Entries Matching: Special 301
Yesterday, a draft of the U.S. proposal for an intellectual property (IP) chapter of the transpacific partnership agreement (TPPA) leaked on the Internet. The U.S. proposal calls for IP protections and enforcement obligations more extensive than those called for in the Anti-Counterfeiting Trade Agreement (ACTA) or the most recent U.S. Free Trade Agreement (FTA) – the Korea U.S. (KORUS) FTA.
Here are the highlights of the U.S. proposal:
I'm still learning about Special 301. Last week, I had the opportunity to sit in on the 2011 Special 301 Committee Public Hearing for Interested Parties, during which Rashmi Rangnath, PK staff attorney and director of our Global Knowledge Initiative, testified. Today, she will submit her post-hearing comments. Here are my impressions:
The United States Trade Representative (USTR) plan to publish a separate list of “notorious markets” as part of its report on intellectual property emphasizes the agency's transformation from a trade agency into a law enforcement agency, Public Knowledge (PK) said in comments to USTR filed Thursday (Nov. 5).
“The USTR should stop its transformation into a law enforcement agency,” PK said, adding that “at a minimum” the agency should “acknowledge its new enforcement agenda, and improve its process to respect legal norms.”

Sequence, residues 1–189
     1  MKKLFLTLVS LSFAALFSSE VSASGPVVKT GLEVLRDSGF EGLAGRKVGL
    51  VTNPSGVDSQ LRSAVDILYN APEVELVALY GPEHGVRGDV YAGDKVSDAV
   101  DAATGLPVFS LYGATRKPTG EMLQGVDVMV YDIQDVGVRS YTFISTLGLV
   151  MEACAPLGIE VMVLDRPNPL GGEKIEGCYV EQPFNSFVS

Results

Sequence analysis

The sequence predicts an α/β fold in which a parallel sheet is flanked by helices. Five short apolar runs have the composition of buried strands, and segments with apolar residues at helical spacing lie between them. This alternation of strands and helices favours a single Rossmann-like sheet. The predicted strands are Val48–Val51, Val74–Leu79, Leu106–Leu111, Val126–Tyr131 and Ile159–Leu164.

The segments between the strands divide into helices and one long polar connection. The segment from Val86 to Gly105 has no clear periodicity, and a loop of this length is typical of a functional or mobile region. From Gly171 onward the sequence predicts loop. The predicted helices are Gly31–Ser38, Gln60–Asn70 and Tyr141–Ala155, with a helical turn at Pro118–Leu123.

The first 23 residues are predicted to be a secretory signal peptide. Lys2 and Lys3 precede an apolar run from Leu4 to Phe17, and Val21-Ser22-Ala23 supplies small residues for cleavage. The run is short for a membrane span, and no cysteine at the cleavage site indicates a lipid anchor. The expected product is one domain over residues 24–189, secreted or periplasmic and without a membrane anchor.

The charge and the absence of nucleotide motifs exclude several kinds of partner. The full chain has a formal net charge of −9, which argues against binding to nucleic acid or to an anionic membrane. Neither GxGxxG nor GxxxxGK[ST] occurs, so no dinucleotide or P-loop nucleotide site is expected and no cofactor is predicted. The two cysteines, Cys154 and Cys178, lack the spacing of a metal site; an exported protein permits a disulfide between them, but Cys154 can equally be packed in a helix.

A full copy of the comments is here.
In its filing, PK said that USTR is trying to “have it both ways,” by claiming that the “notorious markets” list is not a finding of a violation of law, yet at the same time encouraging local authorities to increase their efforts to combat “piracy.”
Victoria Espinel, the Obama Administration’s Intellectual Property Enforcement Coordinator, this morning released her first strategic plan on IP issues. The plan can be found here.
The following is attributed to Gigi B. Sohn, president and co-founder of Public Knowledge:
“We want to congratulate Victoria Espinel on her first intellectual property report. Her findings show that she understands the concept of balance in copyright law at a time when others in the Administration do not.